HC Deb 16 March 2001 vol 364 cc1355-8

Order for Second Reading read.

2.14 pm
Ann Clwyd (Cynon Valley)

I beg to move, That the Bill be now read a Second time.

I was No. 13 in last year's ballot, and I am No. 8 this year. I am slowly climbing the ladder; I hope that by next year I shall be nearer the top three.

I am grateful for the opportunity at least to talk briefly about the Bill. Its purpose is to ensure that private dentists are brought into line with other private health services within the remit of the National Care Standards Commission. One in four adults have private treatment, either by choice or because they cannot find a national health service dentist. Often patients are unclear whether their treatment is NHS or private, and many have a mixture of the two.

It is therefore right that patients who use private dentists should expect protection similar to that enjoyed by patients who use other private medical services. At present, private patients may not even have access to a complaints procedure. Surgeries do not have to comply with formal standards.

Those who want to complain about work done privately have no recourse to an independent complaints procedure or other forms of statutory redress. As a result, many people who want to complain about their private dental treatment have found that the only formal options are either to complain to the General Dental Council, which deals only with cases of professional misconduct, or to sue the surgery or dentist concerned.

I shall refer briefly to two examples. Jonathan Cowie felt a sharp pain in one of his teeth the afternoon after he had had a dental check-up. He contacted his private dentist, who said that his teeth were probably still sensitive after being cleaned by the hygienist and that he should rub dentine on his gums. However, the following morning he was in severe pain, so he went back to the dentist, who took an X-ray of the tooth and told him not to worry and that it would settle down. The pain continued, so he made another appointment. This time, the dentist said that there was a crack in his tooth, which he filled. Three days later the filling started to come out.

Still in pain, Jonathan visited another dentist for a second opinion. He was told that the tooth had split from top to bottom and that the filling had pushed it apart, further exposing the nerve and allowing the tooth to become infected. It was removed and, two days later, the pain went.

Mr. Cowie complained to his health authority about his dentist's repeated misdiagnosis, but was told that there was no statutory complaints procedure for private dental treatment. He contacted the General Dental Council, which said that the allegation could not be described as serious professional misconduct, so the matter was outside its remit. Jonathan is still disputing the matter with the GDC. He feels that it is not following the Dentists Act 1984, which provides that the GDC should

promote high standards of … professional conduct". Another case was that of Audrey Read, who last year was told by her dentist that she needed a bridge to replace a broken tooth, and that that had to be done privately at a cost of more than £500. The bridge was uncomfortable and looked horrible. A second bridge was fitted, but it was no better. She asked for her money back and the dentist refused.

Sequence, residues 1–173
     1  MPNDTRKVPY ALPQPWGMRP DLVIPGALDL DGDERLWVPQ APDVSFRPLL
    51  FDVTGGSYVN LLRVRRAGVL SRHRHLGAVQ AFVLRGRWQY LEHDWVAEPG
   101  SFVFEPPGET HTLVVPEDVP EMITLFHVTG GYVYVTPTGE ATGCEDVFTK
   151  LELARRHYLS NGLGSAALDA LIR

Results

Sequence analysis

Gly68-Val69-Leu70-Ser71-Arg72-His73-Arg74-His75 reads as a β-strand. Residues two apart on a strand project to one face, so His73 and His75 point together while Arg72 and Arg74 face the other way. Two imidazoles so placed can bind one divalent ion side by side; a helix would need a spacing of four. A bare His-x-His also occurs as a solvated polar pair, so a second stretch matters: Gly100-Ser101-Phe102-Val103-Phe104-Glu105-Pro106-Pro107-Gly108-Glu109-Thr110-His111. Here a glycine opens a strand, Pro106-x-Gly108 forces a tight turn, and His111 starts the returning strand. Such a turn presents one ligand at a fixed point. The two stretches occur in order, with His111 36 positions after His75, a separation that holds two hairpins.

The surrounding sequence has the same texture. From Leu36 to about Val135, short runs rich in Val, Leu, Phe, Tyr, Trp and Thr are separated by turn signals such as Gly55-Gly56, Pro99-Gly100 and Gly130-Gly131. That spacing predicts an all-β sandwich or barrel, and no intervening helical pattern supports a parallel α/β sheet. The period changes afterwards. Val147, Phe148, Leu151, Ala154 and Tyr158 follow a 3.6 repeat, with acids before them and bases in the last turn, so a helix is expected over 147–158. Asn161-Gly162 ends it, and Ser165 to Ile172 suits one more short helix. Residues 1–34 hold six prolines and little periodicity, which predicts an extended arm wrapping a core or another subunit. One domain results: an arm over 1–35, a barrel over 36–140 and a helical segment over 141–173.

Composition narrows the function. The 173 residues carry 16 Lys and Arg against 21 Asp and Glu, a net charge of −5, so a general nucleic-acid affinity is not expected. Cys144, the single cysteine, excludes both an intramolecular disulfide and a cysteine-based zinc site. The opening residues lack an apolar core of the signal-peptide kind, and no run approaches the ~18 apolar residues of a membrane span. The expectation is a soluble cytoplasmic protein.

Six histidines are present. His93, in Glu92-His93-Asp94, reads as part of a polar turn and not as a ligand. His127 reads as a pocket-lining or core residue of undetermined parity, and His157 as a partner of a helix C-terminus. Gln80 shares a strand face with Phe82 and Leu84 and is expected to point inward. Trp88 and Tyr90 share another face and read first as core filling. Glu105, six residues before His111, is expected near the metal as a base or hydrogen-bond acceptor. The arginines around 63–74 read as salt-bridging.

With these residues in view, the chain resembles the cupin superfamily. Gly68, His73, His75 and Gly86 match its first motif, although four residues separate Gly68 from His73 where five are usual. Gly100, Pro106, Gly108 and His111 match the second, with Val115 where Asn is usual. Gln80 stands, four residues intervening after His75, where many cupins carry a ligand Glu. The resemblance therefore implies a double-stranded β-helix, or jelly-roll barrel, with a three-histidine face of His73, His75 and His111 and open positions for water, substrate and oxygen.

As the work had not been done on the NHS, Audrey Read could not use the complaints system, even though the dentist also did NHS work. When the dentist would not agree to a refund, her only option was to sue. A dental negligence lawyer arranged for an independent dentist to inspect the work. He found that the tooth had not been properly pulled out and that 90 per cent. of the root was still present. Even if it had been properly extracted, the permanent bridge should not have been fitted for at least three months, to allow the gum to shrink. Finally—this happens in most cases but there are some where it does not—the dentist settled out of court and she received £6,500.

It is important that in the present climate patients should be reassured that the highest standards of care will apply to all areas of health care. The Bill would give greater legitimacy to the thousands of excellent private dentists who perform to high standards.

The Consumers Association brought the issue to my attention. For several years, it has campaigned for higher standards of private and NHS health care. The House may know that I have long campaigned for better regulation of all private health care services, including cosmetic surgery; it took me seven years before the new system was introduced. More people are using private dental services, not necessarily by choice, but I shall not go into that now. Dentistry is one area of private health care that must not be permitted to continue to operate without proper safeguards for patients.

The Minister of State, Department of Health, my hon. Friend the Member for Barrow and Furness (Mr. Hutton), has told me that private dentistry has not been brought under the National Care Standards Commission from the outset because the General Dental Council is committed to introducing a scheme for the investigation and resolution of complaints about private dentistry. Frankly, I am unhappy about that because, as we have seen with doctors, professional self-regulation alone is not sufficient.

There is still a pressing requirement to pull private dentists under the provisions of the Care Standards Act 2000, to ensure that complaints procedures are in place and that private dentists work to certain standards and provide good quality and safe care. Patients are just as vulnerable in the dentist's chair as they are at their GP's surgery. It is widely accepted that there is a need to regulate private GP practices, so why not dentists, especially as more people have private dental care than private GP care?

I should like to say more, but I would like to hear what other Members have to say. I am grateful for the support of Members on both sides of the House for the Bill, which is an important step in safeguarding the interests of patients who use private dentists. I appreciate that parliamentary time may not be available this side of the general election, but I should like the Under-Secretary of State for Health, my hon. Friend the Member for Birmingham, Edgbaston (Ms Stuart), to commit the next Labour Government to implementing measures similar to those in my Bill. That would protect patients, whether they are in a GP's surgery or a private dentist's chair.